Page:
Ninth-flown Falcon 9 launches 60 Starlink internet satellites
Less than a week after the last Starlink satellite launch, SpaceX sent an additional 60 high-speed internet satellites into orbit using a Falcon 9 first stage booster flying for the ninth time.
At 3:01 p.m. EDT (19:01 UTC) May 4, 2021, from Kennedy Space Center’s Launch Complex 39A in Florida, a SpaceX Falcon 9 rocket launched another 60 Starlink internet satellites as the company continues its march toward global internet connectivity and coverage.
The first stage for this mission, core B1049-9, was recovered successfully by SpaceX’s drone ship “Of Course I Still Love You” staged around 380 miles (613 kilometers) downrange and was supported by the ship GO Quest. The fairing halves were also expected to be recovered by one of the company fleet’s newest addition, a contracted recovery vessel named “Shelia Bordelon.”
In the coming days, SpaceX’s recovery vessels will return to Port Canaveral on Florida’s Space Coast where historically the fairings and booster are prepped for transport back the company’s Florida facility for reconditioning and eventual reuse.
This is the 13th launch for SpaceX in 2021 and the second “ninth flight” of a Falcon 9 first stage booster. SpaceX Starlink V1.0 L25 is the 25th operational Starlink mission bringing the total number of Starlink satellites launched to date to 1,565.
A Federal Communications Commission filing recognizes this launch as “Starlink RF mission 2-2, RF.” The radio frequency, or RF, implies these satellites may not have the inter-satellite function for laser communication links.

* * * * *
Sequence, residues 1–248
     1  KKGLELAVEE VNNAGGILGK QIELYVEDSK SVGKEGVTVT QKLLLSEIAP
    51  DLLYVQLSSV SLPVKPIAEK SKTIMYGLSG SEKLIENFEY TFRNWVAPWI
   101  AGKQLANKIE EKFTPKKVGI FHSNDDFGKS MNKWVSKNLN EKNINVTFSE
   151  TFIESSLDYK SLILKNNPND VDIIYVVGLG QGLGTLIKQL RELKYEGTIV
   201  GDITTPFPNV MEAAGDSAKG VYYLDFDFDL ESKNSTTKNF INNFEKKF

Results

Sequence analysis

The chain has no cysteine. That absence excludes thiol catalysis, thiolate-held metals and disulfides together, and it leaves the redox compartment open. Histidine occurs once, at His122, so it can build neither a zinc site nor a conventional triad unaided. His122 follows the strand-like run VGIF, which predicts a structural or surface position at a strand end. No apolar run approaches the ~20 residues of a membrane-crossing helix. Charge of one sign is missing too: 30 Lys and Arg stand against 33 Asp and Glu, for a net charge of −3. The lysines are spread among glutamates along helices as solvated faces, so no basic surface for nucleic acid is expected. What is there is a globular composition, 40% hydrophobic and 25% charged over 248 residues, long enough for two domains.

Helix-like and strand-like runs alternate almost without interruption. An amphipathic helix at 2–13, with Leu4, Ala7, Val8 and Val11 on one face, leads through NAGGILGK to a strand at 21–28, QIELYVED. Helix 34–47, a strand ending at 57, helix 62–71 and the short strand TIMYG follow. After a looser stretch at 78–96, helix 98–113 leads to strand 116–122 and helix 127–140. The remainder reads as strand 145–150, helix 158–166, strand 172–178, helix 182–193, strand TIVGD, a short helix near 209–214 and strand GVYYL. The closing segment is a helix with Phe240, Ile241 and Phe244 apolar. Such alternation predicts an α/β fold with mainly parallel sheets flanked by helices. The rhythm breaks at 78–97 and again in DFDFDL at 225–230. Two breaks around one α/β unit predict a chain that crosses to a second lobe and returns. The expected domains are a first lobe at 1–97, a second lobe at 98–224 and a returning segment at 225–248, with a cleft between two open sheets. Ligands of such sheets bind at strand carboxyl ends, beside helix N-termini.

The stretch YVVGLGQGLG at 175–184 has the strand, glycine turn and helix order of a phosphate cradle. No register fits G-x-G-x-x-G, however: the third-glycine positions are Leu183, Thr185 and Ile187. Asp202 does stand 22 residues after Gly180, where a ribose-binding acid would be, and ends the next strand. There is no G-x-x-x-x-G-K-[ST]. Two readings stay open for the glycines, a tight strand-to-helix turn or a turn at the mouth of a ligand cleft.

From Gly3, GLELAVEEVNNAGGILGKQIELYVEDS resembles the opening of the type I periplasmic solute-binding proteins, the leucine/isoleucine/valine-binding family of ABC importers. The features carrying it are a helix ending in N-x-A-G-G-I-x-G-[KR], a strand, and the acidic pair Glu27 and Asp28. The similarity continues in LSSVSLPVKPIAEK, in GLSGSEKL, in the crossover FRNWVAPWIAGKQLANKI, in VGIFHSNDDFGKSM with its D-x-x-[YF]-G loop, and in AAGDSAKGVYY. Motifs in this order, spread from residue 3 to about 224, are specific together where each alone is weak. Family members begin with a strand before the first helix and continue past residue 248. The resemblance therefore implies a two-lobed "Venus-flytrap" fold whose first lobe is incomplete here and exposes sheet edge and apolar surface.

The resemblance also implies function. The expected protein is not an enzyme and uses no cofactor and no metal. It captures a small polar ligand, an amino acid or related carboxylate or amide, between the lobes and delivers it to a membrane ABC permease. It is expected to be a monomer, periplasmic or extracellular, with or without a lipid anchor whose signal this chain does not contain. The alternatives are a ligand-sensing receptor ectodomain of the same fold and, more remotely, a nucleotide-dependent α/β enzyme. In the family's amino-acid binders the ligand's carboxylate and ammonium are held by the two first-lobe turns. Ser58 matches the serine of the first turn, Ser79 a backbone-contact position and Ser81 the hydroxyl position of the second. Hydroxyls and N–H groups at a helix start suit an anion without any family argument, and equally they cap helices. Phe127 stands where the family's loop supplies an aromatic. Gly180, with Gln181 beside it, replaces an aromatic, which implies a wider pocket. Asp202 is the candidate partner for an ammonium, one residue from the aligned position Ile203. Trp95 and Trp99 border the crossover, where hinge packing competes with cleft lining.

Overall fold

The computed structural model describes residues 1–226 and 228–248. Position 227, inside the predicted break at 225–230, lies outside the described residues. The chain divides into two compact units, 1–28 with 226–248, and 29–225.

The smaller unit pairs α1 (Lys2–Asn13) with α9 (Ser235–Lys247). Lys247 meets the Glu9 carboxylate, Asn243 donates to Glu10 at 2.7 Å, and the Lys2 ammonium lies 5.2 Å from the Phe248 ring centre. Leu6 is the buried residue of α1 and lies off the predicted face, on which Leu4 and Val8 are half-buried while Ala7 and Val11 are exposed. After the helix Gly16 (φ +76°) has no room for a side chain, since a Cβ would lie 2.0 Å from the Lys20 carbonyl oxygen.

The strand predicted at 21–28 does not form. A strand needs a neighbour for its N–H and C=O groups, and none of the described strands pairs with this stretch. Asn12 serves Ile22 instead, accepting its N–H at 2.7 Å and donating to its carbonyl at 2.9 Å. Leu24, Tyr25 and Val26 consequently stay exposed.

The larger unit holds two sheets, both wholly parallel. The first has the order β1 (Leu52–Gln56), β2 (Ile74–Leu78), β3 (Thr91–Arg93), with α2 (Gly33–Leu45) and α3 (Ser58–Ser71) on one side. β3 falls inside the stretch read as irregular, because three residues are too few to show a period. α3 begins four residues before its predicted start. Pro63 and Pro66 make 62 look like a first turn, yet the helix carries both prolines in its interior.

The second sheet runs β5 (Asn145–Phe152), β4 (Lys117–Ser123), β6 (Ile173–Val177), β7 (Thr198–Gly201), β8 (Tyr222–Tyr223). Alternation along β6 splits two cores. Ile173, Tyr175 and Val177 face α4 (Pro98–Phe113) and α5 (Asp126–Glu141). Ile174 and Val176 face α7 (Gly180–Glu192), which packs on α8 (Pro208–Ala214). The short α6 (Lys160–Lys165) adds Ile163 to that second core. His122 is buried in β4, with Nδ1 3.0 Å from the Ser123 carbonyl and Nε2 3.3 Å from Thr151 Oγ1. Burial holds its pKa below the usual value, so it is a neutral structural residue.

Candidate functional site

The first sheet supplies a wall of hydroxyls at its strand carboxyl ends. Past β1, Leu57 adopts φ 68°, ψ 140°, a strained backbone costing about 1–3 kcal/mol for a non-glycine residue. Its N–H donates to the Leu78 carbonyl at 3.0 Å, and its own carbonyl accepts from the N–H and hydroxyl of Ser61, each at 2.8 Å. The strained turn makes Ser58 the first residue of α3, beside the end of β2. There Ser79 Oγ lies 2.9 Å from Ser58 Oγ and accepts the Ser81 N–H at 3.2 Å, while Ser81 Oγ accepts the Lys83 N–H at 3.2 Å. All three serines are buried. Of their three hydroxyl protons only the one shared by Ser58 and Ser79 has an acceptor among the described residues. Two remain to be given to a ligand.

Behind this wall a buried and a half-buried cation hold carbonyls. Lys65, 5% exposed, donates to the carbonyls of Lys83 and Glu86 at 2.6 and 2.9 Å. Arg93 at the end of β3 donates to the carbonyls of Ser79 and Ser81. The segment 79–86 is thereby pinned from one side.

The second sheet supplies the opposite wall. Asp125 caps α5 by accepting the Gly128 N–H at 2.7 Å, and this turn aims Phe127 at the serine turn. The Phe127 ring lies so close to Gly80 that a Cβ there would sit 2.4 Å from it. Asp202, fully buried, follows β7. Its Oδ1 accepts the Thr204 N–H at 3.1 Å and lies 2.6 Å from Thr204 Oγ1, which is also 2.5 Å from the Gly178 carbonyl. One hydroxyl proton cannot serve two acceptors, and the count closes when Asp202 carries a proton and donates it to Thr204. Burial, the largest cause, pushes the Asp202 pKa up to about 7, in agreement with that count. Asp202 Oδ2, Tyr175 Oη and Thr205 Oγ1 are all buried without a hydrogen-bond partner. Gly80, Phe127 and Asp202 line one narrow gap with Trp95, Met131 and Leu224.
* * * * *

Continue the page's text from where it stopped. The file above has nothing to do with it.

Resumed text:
At this time only higher altitudes are fully covered and in service as populations in lower latitudes are only able to pre-order services.
The next Starlink launch is currently expected to fly no earlier than May 9, 2021. It’ll be using the first stage core B1051-10, which could be the first time SpaceX attempts to fly the same Falcon 9 first stage for a 10th time.
Video courtesy of SpaceX
Theresa Cross grew up on the Space Coast. It’s only natural that she would develop a passion for anything “Space” and its exploration. During these formative years, she also discovered that she possessed a talent and love for defining the unique quirks and intricacies that exist in mankind, nature, and machines. Hailing from a family of photographers—including her father and her son, Theresa herself started documenting her world through pictures at a very early age. As an adult, she now exhibits an innate photographic ability to combine what appeals to her heart and her love of technology to deliver a diversified approach to her work and artistic presentations. Theresa has a background in water chemistry, fluid dynamics, and industrial utility.